August 26, 2019 by Marko Dinic

5 Tips for Companies New to the AWS Cloud

Starting your AWS journey can be daunting at first, but there are many companies out there that have, with little or no prior experience, moved to the cloud. Smaller companies without a dedicated DevOps team (especially startups) usually have to work with what they have, and while designing and running an AWS cloud environment is certainly doable for them, mistakes are likely to be made.

That’s why it’s vital to do the research and try to build things properly from the ground up, thereby avoid having to deal with the haunting technical debt down the line. In this article we’d like to help you get started by giving you five tips on how to run your business on the AWS cloud.

1. Use the correct services for your business needs

AWS cloud currently offers over 100 services, and while it’s very easy to get lost in this offering, you only actually need a couple of basic ones to get started.

Most of the time the first thing you have to do is set up the networking using the VPC service. Then, you can start adding resources like EC2 instance, AutoScaling Groups, Elastic Load Balancers, RDS databases etc. And if you have the need for data storage (which is almost always the case), S3 is often the best choice.

When designing your AWS cloud environment, make sure you find the services that will be the best fit for your specific use case. Also, it’s important to keep things simple – overcomplicating your design can not only lead to suboptimal performance, but can also increase the overall cost unnecessarily.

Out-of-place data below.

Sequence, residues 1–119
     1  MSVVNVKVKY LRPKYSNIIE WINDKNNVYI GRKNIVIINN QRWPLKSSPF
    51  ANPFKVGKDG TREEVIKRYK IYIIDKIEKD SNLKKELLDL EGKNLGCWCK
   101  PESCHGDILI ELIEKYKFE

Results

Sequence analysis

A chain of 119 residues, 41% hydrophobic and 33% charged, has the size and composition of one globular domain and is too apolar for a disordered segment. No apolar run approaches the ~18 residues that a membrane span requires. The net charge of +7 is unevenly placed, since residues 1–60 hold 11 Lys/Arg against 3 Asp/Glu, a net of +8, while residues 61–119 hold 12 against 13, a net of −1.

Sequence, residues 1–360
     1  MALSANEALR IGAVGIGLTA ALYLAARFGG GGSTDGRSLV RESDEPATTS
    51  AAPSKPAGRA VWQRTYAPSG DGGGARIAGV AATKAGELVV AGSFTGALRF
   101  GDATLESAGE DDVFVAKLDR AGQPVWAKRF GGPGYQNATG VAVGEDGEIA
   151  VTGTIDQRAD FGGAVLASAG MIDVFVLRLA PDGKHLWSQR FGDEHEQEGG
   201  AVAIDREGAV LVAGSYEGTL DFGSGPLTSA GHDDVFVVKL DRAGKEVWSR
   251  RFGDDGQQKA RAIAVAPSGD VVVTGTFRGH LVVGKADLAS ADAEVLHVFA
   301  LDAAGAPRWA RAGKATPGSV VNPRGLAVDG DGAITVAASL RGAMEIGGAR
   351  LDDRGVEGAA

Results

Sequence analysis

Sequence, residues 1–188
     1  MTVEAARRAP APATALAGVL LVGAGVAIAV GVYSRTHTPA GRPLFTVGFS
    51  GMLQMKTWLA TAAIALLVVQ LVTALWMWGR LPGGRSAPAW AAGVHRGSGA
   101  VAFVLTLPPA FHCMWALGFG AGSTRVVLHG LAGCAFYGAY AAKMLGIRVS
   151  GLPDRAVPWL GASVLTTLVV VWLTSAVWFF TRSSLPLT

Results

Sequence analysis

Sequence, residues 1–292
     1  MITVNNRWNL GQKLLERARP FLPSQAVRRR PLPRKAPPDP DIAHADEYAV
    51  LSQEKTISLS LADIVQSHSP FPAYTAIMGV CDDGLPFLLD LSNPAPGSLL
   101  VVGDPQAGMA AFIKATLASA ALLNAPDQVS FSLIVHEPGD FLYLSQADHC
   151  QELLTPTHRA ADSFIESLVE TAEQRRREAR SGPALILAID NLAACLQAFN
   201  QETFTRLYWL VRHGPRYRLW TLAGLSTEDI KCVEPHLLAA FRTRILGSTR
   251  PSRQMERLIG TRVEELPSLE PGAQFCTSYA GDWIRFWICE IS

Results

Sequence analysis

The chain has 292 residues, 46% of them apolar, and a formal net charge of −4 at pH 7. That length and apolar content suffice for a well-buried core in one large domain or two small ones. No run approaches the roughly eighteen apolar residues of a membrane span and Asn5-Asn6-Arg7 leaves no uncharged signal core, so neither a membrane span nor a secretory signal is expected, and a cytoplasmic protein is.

When designing your AWS cloud environment, it’s important to keep things simple. Click To Tweet

2. Keep a tight security when it comes to user access

When working with the AWS cloud, security should be your primary concern. Mistakes can be made too easily and companies have suffered too often because they thought themselves immune to bad things happening.

When you first create an AWS account, it’s critical to protect the root user (the user that’s being created with your account by default and has unlimited access to everything within it).

This not only involves a strong password that is to be stored away safely, but also Multi Factor Authentication (MFA) as an extra layer of protection.

Additionally, each of your users should have the least privilege access (if a person doesn’t need access to a service or a resource, they shouldn’t have it), as well as a strong password and MFA enabled. AWS provides a list of security best practices for user administration that you should follow to properly protect your AWS resources.

3. Consider business continuity

No matter how well you’re protected or how carefully your cloud environment is designed, things can always go wrong. Natural disasters causing disruption of the service, hacking attempts, or human error – at the end of the day, you have to be prepared for anything.

To ensure business continuity, you need to have a well thought-out Disaster Recovery (DR) in place. This can include regular backups, utilizing infrastructure as a code to easily replicate your environment in another region and even custom-tailored solutions that will help reduce the downtime of your business applications. Additionally, consider your Recovery Time Objective (RTO) and Recovery Point Objective (RPO), as they can play a crucial role in determining the requirements of your DR plan.